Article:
This was indeed fully accomplished, a feat that is beyond astounding in the annals of national social change. For several decades now in Italy, there have been no mass hospitalizations of the chronically mentally ill. There do not seem to be hundreds of thousands of “CMI” (chronically mentally ill) persons everywhere on the streets of Italy. Somehow Italy with all its frequent political crises, changes in governments, scandals, raucous politics and all the other tumult that seems par for the national life of Italy, has done what other western societies cannot care pretty well for the nation’s mentally ill.
I would refer the reader who might be interested in the history of Dr. Franco Basaglia and the “reformation” of Italy’s national mental health de-institutionalization and revolution to the writings of Prof. John Foot of the University of Bristol in England. His book, The Man Who Closed the Asylums: Franco Basaglia and the Revolution in Mental Health Care is well worth the read. An online article published in VERSO, “Closing the Asylums,” gives readers a worthy overview into Dr. Basaglia, the times and his accomplishments.
Realizing what Basaglia accomplished forty years ago leaves this student of psychiatry, its history, and observer of our current national crises, sad for where we have been trapped by our own hobbling prejudices, resistance to social change and pattern of quickie formulas that led to the all too familiar conundrum of “unintended consequences,” and bigger and more complex messes with each year in mental health care delivery.
A somewhat new trend has been emerging over the last 1-2 years and is becoming more of a force in mental health reform. That trend is the efforts of private and state-private psychiatric care systems to try to preserve and add psychiatric inpatient beds in their areas. The efforts testify to the need for more psych inpatient beds almost everywhere. They are also confirmation of the huge national mistake that has been made in the previous 40 years or so nationally to close inpatient state hospital psychiatric beds.
I will first set the stage, reviewing some of the factors leading to a national inpatient bed shortage. Second, I will discuss two recent differing state systems’ efforts to add or preserve inpatient psychiatric services. One is a novel success story that bears study, and the other is a looming failure that illustrates some of the factors that persist that impede this kind of mental health care system delivery. Lastly, I will conclude this lengthy piece, reviewing why the national loss of inpatient beds happened, contrasting what occurred in the public arena, which is so well known, with what happened in the private psychiatric treatment bed world. Continue reading “New Psych Beds Still Needed Nationwide; Two Differing Solutions”
The means by which I came upon this article entitled, “The Door To A Revolution in Psychiatry Opens,” is worth detailing. The author of the blog post is Robert Whitaker, a journalist and author of two books about the history of psychiatry, one of which I have and have read with great enjoyment, fascination and a good for the soul dose of humility, Mad In American: Bad Science, Bad Medicine, And The Enduring Mistreatment Of The Mentally Ill [click link for Amazon review etc.]. Mr. Whitaker is in the foe of psychiatry camp along with perhaps better known anti-psychiatry physician Peter Breggin MD. Mr. Whitaker’s book focuses on the failings and disasters, failed theories, bad side effects of many psychiatric medicines and so on. In all fairness I follow him with searchbots on the Net and this turned up. If you loathe all things psychiatric, then this is one of the books for you in truth. Form my point of view it is a needed viewpoint and one to help us in the guild…though I do not think of myself as all that nefarious and evil, and talented writers such as he are to be commended and accepted for their necessary work.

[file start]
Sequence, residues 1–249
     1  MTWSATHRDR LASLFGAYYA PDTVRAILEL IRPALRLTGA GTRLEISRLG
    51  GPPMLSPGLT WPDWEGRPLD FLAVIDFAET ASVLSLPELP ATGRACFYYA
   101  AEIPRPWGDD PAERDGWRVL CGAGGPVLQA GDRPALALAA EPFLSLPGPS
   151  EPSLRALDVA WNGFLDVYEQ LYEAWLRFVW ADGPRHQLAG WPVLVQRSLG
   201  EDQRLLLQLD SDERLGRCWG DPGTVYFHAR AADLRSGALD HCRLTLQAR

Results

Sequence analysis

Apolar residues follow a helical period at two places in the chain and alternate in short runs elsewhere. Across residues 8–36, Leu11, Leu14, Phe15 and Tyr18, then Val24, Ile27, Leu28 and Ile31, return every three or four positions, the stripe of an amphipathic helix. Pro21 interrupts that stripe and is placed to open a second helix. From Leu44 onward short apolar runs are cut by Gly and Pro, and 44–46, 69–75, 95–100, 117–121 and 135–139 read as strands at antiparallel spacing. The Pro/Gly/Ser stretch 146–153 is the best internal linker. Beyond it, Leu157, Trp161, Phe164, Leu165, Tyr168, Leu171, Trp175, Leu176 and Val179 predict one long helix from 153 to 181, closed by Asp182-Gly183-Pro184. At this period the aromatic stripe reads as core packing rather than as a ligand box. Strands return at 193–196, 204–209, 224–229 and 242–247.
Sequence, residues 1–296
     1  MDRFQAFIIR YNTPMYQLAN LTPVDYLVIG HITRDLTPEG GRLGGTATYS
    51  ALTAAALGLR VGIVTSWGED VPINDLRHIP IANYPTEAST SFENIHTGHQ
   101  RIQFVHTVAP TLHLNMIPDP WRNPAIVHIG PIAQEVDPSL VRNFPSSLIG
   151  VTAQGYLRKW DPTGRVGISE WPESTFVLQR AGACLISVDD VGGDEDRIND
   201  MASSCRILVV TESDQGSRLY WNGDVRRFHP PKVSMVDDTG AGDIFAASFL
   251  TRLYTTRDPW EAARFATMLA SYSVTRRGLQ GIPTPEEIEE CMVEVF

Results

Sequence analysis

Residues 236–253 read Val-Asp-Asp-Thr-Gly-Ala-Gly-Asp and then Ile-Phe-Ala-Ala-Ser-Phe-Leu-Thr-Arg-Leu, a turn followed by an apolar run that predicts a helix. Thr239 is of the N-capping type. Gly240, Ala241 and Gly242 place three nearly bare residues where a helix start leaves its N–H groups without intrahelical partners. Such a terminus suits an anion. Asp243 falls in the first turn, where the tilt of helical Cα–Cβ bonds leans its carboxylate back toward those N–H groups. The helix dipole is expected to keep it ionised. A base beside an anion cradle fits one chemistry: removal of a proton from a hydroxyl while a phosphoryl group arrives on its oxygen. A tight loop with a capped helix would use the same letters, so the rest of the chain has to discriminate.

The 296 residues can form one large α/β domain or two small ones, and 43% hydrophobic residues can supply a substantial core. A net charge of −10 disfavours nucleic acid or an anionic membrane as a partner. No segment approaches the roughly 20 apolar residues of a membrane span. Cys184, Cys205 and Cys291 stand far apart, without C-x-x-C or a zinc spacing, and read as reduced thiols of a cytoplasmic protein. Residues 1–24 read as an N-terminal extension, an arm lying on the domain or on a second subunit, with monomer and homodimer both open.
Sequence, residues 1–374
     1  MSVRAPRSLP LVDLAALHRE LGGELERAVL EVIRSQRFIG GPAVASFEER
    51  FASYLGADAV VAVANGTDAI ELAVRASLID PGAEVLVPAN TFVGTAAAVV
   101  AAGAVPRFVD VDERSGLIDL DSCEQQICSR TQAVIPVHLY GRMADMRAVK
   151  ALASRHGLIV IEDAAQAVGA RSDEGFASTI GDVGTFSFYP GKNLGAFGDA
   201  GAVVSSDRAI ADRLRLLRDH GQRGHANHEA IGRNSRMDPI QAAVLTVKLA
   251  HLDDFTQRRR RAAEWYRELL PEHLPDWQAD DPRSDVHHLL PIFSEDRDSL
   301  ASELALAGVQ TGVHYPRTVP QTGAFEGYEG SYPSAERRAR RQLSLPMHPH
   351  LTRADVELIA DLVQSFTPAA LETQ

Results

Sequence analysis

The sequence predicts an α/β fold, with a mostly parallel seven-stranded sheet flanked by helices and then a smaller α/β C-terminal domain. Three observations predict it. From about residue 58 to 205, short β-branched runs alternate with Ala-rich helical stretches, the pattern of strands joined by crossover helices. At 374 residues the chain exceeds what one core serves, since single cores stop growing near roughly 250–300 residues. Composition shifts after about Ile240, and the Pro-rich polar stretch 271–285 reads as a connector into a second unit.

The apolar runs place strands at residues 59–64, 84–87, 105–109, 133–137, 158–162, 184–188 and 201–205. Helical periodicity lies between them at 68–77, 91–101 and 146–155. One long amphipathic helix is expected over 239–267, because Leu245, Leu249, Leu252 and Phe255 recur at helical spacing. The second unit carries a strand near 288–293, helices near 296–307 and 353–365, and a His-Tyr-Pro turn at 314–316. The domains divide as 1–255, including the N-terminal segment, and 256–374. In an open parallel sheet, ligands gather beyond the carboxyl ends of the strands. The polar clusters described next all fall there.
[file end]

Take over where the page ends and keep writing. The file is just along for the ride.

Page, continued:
Several weeks ago I was incredibly saddened by the news from a colleague and dear friend of mine, also a Duke child psychiatrist, that one of our mentors had passed away in his mid-80’s. He meant so much to me, I wish to mention and memorialize his name in my own little way in this humble esoteric blog. He was Dr. Marc (Marcelino) Amaya (with ‘Amaya y Rosas’ being his full last name).
He was one of the original child psychiatrists in a group that came down to Durham NC from Northeastern training centers to help start the department and to staff it. The other faculty was as were in all major medical centers of the last 50 years, superb instructors and fantastic clinicians that often left us rookies with our veritable mouths open at their insights.
Dr. Amaya started a complete children’s psychiatric hospital I think in the early or mid-1960’s to house what Duke could not offer on its grounds because it was private and not state affiliated and for funding issues. The Children’s Psychiatric Institute (CPI) was a fabulous training center on the level of such other state hospital affiliated and also lesser known than the more celebrated upper crust programs, but every bit as good as any of the Ivy League (Boston, NYC, Philly, etc.) centers such as the late and venerated Dr. Ralph Rabinovich of the University of Michigan at Ann Arbor. CPI has a short term and long term outpatient clinic, a family therapy program that was expanded by this writer and one of the veteran incredibly skilled social workers at CPI, Anne K. Parrish ACSW, LCSW, into a training program for child mental health trainees from Duke and UNC-Chapel Hill medical and graduate schools. Dr. Amaya was a superb supervisor and I always learned untold concepts, techniques, and gems at his feet so to speak. I also accompanied him to the testify in the Golden Days of Psychiatry and Psychology in this country to testify annually before the NC General Assembly (state legislature) as we would advocate for our state funded programs, but also for the private inpatient and outpatient programs at Duke and UNC! So there we would be harassing clinically and statistically the legislators (who in those days seemed to listen better..no matter their party affiliation). It was quite ironic but demonstrated the dedication that Dr. Amaya had to the delivery of mental health services to ALL children of the state and to any agency, institution, training program that was trying to provide such. His program was not his first concern in the statewide scheme of things, it was just another important part of the overall system of resources he foresaw for the state decades before some of them came into existence. He was a short man with a lyrical Hispanic accent that I as a Southwesterner could listen all day long and always feel like, when I was with him, I was a little bit ‘back home’ in the Southwest.”